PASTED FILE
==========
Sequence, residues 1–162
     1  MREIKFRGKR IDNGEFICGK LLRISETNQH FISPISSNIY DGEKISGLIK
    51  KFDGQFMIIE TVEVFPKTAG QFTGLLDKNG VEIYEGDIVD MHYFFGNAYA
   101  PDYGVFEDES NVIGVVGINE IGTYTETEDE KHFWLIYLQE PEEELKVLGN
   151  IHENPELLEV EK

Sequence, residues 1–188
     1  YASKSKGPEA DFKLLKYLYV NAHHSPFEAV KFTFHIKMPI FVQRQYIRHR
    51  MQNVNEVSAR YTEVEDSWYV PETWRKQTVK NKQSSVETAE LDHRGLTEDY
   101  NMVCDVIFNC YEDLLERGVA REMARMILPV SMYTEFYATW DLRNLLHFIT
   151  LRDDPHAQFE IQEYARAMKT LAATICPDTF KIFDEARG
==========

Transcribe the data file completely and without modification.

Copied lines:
Sequence, residues 1–162
     1  MREIKFRGKR IDNGEFICGK LLRISETNQH FISPISSNIY DGEKISGLIK
    51  KFDGQFMIIE TVEVFPKTAG QFTGLLDKNG VEIYEGDIVD MHYFFGNAYA
   101  PDYGVFEDES NVIGVVGINE IGTYTETEDE KHFWLIYLQE PEEELKVLGN
   151  IHENPELLEV EK

Sequence, residues 1–188
     1  YASKSKGPEA DFKLLKYLYV NAHHSPFEAV KFTFHIKMPI FVQRQYIRHR
    51  MQNVNEVSAR YTEVEDSWYV PETWRKQTVK NKQSSVETAE LDHRGLTEDY
   101  NMVCDVIFNC YEDLLERGVA REMARMILPV SMYTEFYATW DLRNLLHFIT
   151  LRDDPHAQFE IQEYARAMKT LAATICPDTF KIFDEARG